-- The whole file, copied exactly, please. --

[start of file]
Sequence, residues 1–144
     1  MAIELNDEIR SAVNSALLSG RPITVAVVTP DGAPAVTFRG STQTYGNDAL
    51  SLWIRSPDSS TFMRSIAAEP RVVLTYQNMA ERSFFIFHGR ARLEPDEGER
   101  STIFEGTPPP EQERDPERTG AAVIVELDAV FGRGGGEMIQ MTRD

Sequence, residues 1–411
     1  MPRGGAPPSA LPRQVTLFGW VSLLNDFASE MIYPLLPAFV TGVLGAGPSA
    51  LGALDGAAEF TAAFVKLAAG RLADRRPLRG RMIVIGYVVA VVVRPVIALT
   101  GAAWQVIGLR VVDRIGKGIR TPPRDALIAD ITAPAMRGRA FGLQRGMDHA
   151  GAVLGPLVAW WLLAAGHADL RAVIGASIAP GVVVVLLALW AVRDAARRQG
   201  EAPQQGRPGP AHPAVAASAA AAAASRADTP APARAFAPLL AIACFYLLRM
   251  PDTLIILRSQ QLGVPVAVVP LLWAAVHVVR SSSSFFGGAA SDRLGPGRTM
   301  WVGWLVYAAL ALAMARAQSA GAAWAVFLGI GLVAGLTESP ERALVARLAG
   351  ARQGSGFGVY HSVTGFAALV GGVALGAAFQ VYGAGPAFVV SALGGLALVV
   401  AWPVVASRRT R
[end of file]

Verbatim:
Sequence, residues 1–144
     1  MAIELNDEIR SAVNSALLSG RPITVAVVTP DGAPAVTFRG STQTYGNDAL
    51  SLWIRSPDSS TFMRSIAAEP RVVLTYQNMA ERSFFIFHGR ARLEPDEGER
   101  STIFEGTPPP EQERDPERTG AAVIVELDAV FGRGGGEMIQ MTRD

Sequence, residues 1–411
     1  MPRGGAPPSA LPRQVTLFGW VSLLNDFASE MIYPLLPAFV TGVLGAGPSA
    51  LGALDGAAEF TAAFVKLAAG RLADRRPLRG RMIVIGYVVA VVVRPVIALT
   101  GAAWQVIGLR VVDRIGKGIR TPPRDALIAD ITAPAMRGRA FGLQRGMDHA
   151  GAVLGPLVAW WLLAAGHADL RAVIGASIAP GVVVVLLALW AVRDAARRQG
   201  EAPQQGRPGP AHPAVAASAA AAAASRADTP APARAFAPLL AIACFYLLRM
   251  PDTLIILRSQ QLGVPVAVVP LLWAAVHVVR SSSSFFGGAA SDRLGPGRTM
   301  WVGWLVYAAL ALAMARAQSA GAAWAVFLGI GLVAGLTESP ERALVARLAG
   351  ARQGSGFGVY HSVTGFAALV GGVALGAAFQ VYGAGPAFVV SALGGLALVV
   401  AWPVVASRRT R